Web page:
NHS adopts digital alert technology to detect sepsis

20 August 2019 (Last Updated August 22nd, 2019 08:47)

The National Health Service (NHS) has stated that the deployment of a new ‘alert and action’ technology, which uses algorithms to detect sepsis by reading patients’ vitals and alerting the medics about the condition, has saved hundreds of lives in the UK.

The National Health Service (NHS) has stated that the deployment of a new ‘alert and action’ technology, which uses algorithms to detect sepsis by reading patients’ vitals and alerting the medics about the condition, has saved hundreds of lives in the UK.

The digital alert technology was adopted by three hospitals in England to identify the onset of sepsis.

NHS plans for a wider roll out under the NHS Long Term Plan.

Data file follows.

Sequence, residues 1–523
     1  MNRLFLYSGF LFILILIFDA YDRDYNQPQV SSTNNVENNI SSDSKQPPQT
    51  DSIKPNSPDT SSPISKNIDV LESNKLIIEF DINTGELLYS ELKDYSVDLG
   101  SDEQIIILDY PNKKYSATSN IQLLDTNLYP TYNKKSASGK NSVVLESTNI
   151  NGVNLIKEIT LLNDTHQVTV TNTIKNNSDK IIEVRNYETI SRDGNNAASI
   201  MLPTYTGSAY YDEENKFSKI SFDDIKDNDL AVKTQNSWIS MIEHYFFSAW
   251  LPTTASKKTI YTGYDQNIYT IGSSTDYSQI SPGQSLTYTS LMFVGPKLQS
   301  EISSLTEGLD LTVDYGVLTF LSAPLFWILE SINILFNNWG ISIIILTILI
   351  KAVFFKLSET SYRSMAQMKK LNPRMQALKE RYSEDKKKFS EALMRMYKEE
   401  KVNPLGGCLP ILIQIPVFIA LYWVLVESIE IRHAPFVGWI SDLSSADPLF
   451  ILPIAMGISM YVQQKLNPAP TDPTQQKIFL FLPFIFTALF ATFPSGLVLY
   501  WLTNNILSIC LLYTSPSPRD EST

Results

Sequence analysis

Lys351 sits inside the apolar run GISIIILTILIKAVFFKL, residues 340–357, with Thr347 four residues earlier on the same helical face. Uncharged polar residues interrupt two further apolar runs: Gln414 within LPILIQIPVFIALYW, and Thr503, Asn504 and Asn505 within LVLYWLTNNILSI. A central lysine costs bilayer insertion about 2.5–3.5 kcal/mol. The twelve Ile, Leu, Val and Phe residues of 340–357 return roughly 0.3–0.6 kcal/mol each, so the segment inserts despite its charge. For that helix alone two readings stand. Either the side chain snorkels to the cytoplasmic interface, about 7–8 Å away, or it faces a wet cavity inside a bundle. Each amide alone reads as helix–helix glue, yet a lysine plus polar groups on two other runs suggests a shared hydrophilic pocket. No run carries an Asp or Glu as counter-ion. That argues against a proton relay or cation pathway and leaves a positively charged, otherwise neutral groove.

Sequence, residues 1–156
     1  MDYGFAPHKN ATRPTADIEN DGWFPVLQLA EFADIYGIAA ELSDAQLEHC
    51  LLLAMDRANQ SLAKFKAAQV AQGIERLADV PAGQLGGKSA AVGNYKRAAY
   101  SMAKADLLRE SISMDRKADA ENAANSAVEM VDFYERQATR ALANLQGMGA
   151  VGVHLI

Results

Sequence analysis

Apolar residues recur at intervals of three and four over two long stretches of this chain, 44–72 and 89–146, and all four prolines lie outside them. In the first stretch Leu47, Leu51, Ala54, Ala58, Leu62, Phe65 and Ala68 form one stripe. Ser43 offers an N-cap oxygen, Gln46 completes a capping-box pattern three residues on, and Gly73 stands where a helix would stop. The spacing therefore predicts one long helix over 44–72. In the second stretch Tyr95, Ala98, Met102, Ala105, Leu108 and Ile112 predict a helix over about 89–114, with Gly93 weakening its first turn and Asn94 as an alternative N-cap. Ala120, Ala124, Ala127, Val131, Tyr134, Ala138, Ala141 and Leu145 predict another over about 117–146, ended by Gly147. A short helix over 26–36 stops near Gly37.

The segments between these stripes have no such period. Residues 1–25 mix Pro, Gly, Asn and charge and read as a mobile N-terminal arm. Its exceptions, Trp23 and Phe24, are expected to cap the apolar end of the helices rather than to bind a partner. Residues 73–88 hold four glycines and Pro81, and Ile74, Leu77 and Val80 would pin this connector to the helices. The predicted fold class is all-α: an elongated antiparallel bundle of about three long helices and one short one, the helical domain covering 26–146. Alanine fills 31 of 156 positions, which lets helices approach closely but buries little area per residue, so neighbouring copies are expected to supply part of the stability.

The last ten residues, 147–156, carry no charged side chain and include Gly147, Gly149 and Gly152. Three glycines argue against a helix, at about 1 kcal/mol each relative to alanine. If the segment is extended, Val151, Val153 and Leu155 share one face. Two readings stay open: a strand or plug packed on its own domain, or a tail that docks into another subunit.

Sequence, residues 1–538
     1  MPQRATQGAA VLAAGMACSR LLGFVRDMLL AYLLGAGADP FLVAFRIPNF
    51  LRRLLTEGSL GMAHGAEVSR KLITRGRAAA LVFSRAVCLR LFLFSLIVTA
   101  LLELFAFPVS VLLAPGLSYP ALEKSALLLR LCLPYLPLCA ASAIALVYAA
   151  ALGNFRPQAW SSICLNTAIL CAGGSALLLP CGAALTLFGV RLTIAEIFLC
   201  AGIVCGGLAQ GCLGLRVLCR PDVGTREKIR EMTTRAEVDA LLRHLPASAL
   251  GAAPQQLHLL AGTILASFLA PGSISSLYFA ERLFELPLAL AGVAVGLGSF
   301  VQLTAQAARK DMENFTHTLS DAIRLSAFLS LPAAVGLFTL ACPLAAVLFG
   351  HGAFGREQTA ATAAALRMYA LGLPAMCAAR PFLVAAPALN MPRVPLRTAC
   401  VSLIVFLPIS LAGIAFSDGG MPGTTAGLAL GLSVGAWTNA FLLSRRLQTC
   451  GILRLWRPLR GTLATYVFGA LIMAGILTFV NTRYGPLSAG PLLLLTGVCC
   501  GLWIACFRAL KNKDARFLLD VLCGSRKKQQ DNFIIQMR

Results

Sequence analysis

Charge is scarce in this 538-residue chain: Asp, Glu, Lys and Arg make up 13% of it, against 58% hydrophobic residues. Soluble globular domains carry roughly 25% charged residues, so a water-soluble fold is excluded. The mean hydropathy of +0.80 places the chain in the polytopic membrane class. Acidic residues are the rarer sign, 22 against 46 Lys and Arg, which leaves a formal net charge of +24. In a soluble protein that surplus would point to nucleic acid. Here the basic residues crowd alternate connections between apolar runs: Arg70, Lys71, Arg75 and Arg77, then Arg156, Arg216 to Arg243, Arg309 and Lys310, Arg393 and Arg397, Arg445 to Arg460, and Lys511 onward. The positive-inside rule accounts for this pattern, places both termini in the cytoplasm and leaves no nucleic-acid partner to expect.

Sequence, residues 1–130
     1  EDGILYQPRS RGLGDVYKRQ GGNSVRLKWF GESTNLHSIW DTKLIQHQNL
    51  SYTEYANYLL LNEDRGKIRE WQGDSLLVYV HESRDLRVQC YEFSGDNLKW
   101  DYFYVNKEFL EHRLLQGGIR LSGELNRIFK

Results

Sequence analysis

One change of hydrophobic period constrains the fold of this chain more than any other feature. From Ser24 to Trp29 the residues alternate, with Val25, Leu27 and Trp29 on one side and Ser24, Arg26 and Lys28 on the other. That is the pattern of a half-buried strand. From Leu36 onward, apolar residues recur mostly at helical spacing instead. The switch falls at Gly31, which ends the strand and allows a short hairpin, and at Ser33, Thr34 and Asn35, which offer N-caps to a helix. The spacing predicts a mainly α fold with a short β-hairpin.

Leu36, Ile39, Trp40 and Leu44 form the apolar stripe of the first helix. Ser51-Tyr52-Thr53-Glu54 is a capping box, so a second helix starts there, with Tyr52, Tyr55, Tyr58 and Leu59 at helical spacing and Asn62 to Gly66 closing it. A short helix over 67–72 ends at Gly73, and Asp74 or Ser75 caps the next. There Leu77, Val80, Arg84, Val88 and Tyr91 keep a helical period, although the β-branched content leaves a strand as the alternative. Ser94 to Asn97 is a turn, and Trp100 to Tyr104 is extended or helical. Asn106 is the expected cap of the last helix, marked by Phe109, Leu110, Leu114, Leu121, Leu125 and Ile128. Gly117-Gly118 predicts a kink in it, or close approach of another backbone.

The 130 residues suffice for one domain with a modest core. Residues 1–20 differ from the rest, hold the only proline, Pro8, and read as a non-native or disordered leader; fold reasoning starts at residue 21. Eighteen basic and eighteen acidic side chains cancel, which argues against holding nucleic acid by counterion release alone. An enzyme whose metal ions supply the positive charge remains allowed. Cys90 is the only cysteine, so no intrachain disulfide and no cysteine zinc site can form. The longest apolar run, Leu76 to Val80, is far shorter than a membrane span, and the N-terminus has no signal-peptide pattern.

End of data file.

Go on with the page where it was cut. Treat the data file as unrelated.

Blood poisoning or sepsis is a fatal condition that can lead to multiple organ damage.

According to a data collected by a safety expert of Imperial College London in 2018, sepsis deaths in UK hospitals have increased by over a third in two years.

The technology was trialled at hospitals in Cambridge, Liverpool and Berkshire. The technology helped in reducing in the number of deaths from sepsis, while screening rates have increased, reported The Guardian.

At the Royal Liverpool and Broadgreen University hospitals NHS trust, it is estimated that up to 200 lives of patients have been saved annually. It has been observed that deaths from septic shock in patients under the age of 45 decreased from six in ten patients to less than one in ten.

NHS England and NHS Improvement medical director for clinical effectiveness Celia Ingham Clark said: “Sepsis is an extremely serious condition, but as part of the NHS Long Term Plan we have made huge improvements in spotting and treating it quickly, with more than nine in 10 people getting the checks they need.”

Earlier this year, NHS England had issued new guidelines for hospitals to reduce deaths due to sepsis.